SARAWAKIANS are from many racial origins and possess their own instruments that produce music. This traditional music must not only be preserved and learnt, but must also be presented to the world, stresses Prof Dr Han Mei, musicologist of the University of Tennessee, USA.
Dr Han is an internationally acclaimed player of the Chinese Zheng and composer.
She was in Kuching with her husband, Randy Raine-Reusch, for the Rainforest World Music Festival (RWMF).
Randy, whom I first met 11 years ago, is one of those who had conceived the idea of that festival and who had suggested Santubong as the ideal venue for the event, to be held every year.
The Sarawak Initiatives (TSI) interviewed the couple a short time after RWMF 2022 had closed its doors. On Tuesday, both musicians were the guests-of-honour at a lunch, which was graced by the chairman of TSI, Datuk John Tenewi, a former Malaysian Ambassador, and TSI secretary Goh Leng Yew.
A lively exchange of views took place. Mr Goh briefed the couple on TSI – a civil society for the advocacy of quality leadership, quality education, honour and personal integrity in political and public life, Sarawak free from extreme poverty, Sarawak enjoying clean living environment, and Sarawak with its own distinct Identity.
The response from Randy to this question on Sarawak Identity was music to the ears of TSI founders when he responded: “It is already here!” – referring to the traditional music, of course.
The 25th edition of the festival, resuming this month after at lapse of a couple of years because of the Covid-19 pandemic, has come and gone. Those who missed the show would not know what they were missing.
Great job done by the organisers. Bravo!
The musicians will be back next year playing on the original site, unless something like the coronavirus prevents it from being held there – fingers crossed!
The alternative ‘site’, or the supplementary one, would be a hybrid presentation. According to Randy, this year’s hybrid version of the festival was a success.
However, music enthusiasts were disappointed because the artistes from Ukraine and China could not come, for unfortunately unavoidable reasons. But Randy is hoping that the videos made of the festivities this year would be shown around the globe soon.
Responding to the question from TSI: “What musical evolution do you think will take place in the next era of the Rainforest World Music Festival, and how do we share this wonderful event with the world?” Randy recommended sending out artistes from Sarawak to perform in the major cities overseas from time to time.
In his opinion, the expenditure in the form of free transport and accommodation for the artistes would eventually bring about a fair return to investment in the long run, in terms of the preservation of the originality of the music from Sarawak.
I chipped in. It’s a valuable intangible heritage that could not be measured in monetary terms only.
Enthusiasm of young Sarawakians
Randy commended the enthusiasm of young Sarawakians who were reviving the traditional music.
However, initially they need the encouragement and the appreciation of the people of Sarawak and the necessary funding from the tourism authorities and related businesses.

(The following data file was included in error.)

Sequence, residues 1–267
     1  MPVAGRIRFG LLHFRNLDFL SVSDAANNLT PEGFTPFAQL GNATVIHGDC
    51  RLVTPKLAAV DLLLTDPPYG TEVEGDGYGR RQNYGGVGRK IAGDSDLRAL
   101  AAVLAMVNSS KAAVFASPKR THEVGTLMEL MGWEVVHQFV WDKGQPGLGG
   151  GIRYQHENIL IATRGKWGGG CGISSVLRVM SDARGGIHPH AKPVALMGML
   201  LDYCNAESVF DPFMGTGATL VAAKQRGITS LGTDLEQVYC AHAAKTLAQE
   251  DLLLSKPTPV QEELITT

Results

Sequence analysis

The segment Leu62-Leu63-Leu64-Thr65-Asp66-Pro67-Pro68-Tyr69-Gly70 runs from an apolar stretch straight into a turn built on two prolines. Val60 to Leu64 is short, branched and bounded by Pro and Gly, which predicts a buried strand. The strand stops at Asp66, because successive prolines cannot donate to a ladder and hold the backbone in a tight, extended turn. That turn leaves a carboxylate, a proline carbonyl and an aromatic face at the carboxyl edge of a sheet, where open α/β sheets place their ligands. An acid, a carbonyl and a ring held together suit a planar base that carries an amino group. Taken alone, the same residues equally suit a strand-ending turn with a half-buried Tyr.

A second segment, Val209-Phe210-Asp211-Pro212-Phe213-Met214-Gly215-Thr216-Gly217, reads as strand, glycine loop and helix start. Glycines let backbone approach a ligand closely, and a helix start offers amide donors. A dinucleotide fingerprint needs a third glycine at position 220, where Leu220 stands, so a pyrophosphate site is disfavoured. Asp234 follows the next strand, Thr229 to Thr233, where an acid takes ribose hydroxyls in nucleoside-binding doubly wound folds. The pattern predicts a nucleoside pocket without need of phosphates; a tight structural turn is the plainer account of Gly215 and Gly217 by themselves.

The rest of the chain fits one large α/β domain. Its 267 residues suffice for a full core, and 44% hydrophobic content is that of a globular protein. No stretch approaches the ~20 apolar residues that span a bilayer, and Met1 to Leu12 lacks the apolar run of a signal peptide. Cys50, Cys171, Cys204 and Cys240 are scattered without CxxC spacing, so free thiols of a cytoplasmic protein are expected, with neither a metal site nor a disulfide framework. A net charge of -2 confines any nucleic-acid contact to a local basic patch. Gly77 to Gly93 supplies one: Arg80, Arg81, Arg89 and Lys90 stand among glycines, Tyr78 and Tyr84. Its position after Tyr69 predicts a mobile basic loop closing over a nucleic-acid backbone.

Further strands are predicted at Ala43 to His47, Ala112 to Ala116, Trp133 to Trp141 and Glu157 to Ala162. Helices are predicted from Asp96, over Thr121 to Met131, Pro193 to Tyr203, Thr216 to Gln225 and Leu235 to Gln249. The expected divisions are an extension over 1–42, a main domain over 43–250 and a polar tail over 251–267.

The rest, the music diplomacy, will be conducted by the artistes themselves through the sounds of their ‘sape’, ‘engkarurai’, ‘belikan’, flutes, gongs, drums, and their vocal renditions.
I whispered to Randy that not all traditional music in Sarawak had been featured at the RWMF since its inception 25 years ago.
Did he ever hear of ‘Konchong’, or of ‘Ruding’ music understood only by courting couples, or the haunting music used by the shamans during a healing ceremony performed by the small communities of the indigenous people of Sarawak?
That initial funding could also come from the investors from the private sector. A thought for food for the local entrepreneurs – they may like to form a tour company that stages cultural shows featuring works of artistes from Sarawak; first to Peninsular Malaysia and Singapore, then beyond those.
Randy recalled with fond memories of his first meeting with the late Tusau Padan, the sape player. He is still proud of his role in taking Tusau and other artistes from Sarawak to play the sape in front of a large crowd at Marseilles and Paris.
It was a tremendous show of unique talent.
Since then, the sape has been firmly on the music world map, popularised by Matthew Ngau and augmented worldwide recently by another talented player of the instrument, Alena Murang.
What a valuable contribution by the young people in terms of promoting their country as a luring destination for the music lovers on the international stage!
However, TSI is not thinking about music alone with which to identify Sarawak on the world stage; there are other attributes of the Sarawakians to expose to the world – quality leaders in politics, in industries, in professions, in education, in sports, and in modern science and technology.
Lofty aims indeed, these are, but it is not totally idealistic ‘to dare to dream of a better Sarawak’, as the TSI tagline proclaims.
Sarawakians endowed with most of these qualities will bring honour and glory to the State as well as to the Federation of Malaysia itself.
Music alone, traditional or modern, is not enough.
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